WHAT BREXIT MEANS FOR THE PROPERTY MARKET

19 June was an important day for the history and future of the UK, as that is when the Brexit negotiations are to commence. One question that has been buzzing among the property sector and its followers is, ‘How will Brexit affect the housing prices and property market in the UK?’, and that is more than understandable.

So we’ve curated a short list of things that we are currently seeing and that we at Property Property Property believe we’ll be seeing soon, within the market:

Negotiations

As mentioned above, negotiations have taken place from Monday 19 June 2017 for the after-effects of the Brexit vote. These negotiations between the UK and EU will determine the state of the economy, which will also then determine the outcome of the housing market. However, we also believe there will be talk on trading, which may also affect the number of houses and flats springing from the ground in places such as London.

Market Fluctuation

As many people are wary about the value of their home or purchasing a property post-Brexit as they’re not too confident in what the market will hold, and neither are we as we are yet to see any significant difference in the market. However, reports have shown that the number of house purchases since the Brexit vote has dipped and we believe we’ll continue to see fluctuations in the market for the next few months until the economy has been stabilised.

Speculations

There has been some speculation within the property industry on what Brexit will actually mean and how it’ll affect us. However, a survey of forecasts was taken by the Investment Property Forum in the latter part of 2016, have shown that the capitals value in commercial real estate is predicted/expected to fall by 3.6 percent in 2017. On the country to that, rents have been predicted to remain high.

Nevertheless, these are all speculations and predictions based on the small changes that may have occurred the weeks leading to the Brexit vote and the weeks’ post-Brexit vote. What we are most concerned about is the future of our property market.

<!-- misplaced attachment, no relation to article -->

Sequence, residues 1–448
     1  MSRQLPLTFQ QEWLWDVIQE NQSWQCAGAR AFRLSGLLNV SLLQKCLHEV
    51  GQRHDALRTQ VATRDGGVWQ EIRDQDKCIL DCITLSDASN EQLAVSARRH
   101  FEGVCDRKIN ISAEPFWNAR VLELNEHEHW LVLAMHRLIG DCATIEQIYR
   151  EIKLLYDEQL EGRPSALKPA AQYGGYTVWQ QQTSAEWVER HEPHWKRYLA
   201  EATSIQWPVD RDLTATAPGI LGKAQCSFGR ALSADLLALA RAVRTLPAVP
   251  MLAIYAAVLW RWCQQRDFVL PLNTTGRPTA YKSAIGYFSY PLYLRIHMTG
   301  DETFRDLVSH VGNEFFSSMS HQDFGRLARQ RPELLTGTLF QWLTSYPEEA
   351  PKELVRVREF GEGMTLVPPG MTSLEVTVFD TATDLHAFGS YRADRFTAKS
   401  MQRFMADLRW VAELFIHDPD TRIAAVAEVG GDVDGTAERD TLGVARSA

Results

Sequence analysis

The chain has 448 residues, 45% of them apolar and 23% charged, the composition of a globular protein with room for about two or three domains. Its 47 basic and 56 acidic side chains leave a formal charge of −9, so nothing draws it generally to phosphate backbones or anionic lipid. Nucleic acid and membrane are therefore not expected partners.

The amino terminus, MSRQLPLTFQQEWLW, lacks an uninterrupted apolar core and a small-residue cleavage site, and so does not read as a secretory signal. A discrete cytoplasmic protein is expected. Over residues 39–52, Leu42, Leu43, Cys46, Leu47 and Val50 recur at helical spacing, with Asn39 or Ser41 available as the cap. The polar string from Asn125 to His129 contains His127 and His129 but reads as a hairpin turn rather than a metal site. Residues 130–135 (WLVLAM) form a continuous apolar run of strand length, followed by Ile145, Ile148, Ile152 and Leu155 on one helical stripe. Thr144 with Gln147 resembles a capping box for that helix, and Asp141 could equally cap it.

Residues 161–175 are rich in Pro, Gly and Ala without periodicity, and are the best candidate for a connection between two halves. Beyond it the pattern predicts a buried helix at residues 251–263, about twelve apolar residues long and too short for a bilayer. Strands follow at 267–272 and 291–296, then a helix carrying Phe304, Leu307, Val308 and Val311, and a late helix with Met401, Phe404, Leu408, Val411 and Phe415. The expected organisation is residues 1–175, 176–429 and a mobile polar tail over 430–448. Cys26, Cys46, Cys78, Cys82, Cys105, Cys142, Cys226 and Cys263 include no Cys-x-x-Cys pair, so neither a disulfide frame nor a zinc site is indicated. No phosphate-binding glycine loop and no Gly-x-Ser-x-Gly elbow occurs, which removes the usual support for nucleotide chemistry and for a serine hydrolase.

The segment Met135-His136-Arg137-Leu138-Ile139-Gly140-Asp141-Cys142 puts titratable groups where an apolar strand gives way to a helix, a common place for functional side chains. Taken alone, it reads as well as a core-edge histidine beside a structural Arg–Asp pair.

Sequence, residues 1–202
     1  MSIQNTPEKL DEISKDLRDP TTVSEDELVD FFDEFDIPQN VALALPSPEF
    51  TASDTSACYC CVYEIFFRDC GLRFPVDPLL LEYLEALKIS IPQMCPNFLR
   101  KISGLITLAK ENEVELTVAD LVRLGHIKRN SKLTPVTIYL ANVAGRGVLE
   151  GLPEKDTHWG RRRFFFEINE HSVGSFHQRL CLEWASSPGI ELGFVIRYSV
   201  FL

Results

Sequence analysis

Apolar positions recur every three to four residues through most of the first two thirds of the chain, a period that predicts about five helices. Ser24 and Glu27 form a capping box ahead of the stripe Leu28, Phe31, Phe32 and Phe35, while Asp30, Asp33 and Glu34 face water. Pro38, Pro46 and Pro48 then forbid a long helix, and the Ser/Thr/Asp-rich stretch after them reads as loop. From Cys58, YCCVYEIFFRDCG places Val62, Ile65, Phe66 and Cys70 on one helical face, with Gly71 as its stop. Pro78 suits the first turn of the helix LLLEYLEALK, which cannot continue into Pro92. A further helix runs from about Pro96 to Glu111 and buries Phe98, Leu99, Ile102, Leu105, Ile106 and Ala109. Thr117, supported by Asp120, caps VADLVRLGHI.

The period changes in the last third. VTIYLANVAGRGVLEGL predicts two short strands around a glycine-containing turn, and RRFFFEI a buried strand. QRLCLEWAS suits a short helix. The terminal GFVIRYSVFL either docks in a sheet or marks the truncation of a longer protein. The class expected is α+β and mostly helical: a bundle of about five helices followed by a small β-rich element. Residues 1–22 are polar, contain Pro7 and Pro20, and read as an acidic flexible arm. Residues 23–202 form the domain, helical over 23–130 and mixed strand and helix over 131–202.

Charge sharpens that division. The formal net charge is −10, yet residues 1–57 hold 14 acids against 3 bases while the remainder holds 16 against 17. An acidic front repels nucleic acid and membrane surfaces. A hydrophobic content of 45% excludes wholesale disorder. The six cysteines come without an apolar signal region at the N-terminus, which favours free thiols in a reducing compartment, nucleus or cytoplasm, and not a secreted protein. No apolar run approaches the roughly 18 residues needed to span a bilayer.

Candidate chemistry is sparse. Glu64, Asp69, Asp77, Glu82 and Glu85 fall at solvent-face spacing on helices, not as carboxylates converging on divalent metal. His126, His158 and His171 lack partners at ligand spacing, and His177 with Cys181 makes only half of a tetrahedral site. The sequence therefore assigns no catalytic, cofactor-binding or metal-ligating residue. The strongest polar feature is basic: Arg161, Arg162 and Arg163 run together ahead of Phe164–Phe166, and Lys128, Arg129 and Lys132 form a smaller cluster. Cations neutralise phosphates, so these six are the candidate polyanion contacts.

So at Property Property Property, we’ll like to know what your comments and thoughts are on Brexit and how it may change out property market.

This is set to be positive year for Aberdeen’s commercial market

The political landscape and predictions are widespread over how the snap general election could affect the markets. With Scotland dealing with the negative impact on property investment and market confidence amongst some investors and developers because of the prospect of a second independence referendum.

However, in Aberdeen, the atmosphere has largely driven by the fortunes of the oil and gas industry for the past two years, with the sector now showing largely positive signs. But not to say the wider political backdrop is of no concern, the UK’s vote to leave the EU immediately benefited Aberdeen’s oil and gas economy. The North Sea producers have profited from production costs being incurred in a depreciated sterling relative to a product sold in US dollars, as have local service companies pitching for business around the world conducted in a largely dollar-denominated market. With a growing confidence in the local air which is now impacting itself in our property market.

The office sector was a most impacted sector by the energy industries. The fortunes between 2013 and 2015 fluctuating and with the best quality space have maintained headline rents and interest from occupiers despite carrying a record level of voids. However, it must be said that much of the remaining stock has seen its day, being functionally or economically challenged or located on peripheral estates which have long been a unique feature of Aberdeen’s property supply.  

In comparison, Aberdeen’s industrial market has held up reasonably well. During 2016, take-up was in line with the 10-year average with rents generally remaining stable although the supply of second-hand stock has increased.

Investor appetite for Aberdeen is beginning to show signs of increasing. A North American investor, for example, acquired the Lloyd’s Register building in Prime Four Business Park for £41 million in February, pushing Q1 office investment levels to £49 million, more than the total volume recorded during 2016. Investors are seeking a ‘flight to quality’, looking for well let assets in the city, which may offer more attractive yields than elsewhere in the UK.

The good news is that office lettings in Q1 2017 were 181,000 sq ft (16,815 sq m), the highest quarterly take-up since Q3 2013. This clearly indicates that the local mood has moved up a gear, in part reflected by oil companies Total and Marathon committing to new leases and a number of large requirements circulating.

The further positive news comes with Hurricane Energy announcing a new find west of Shetland with estimated recoverable reserves of a billion barrels and small local independent Chrysoar announcing a $3 billion acquisition from Shell comprising 10 separate assets in the UK continental shelf with funding from US private equity firm EIG Partners.

The smart money is clearly backing a more positive future for Aberdeen and the property market is starting to reflect this.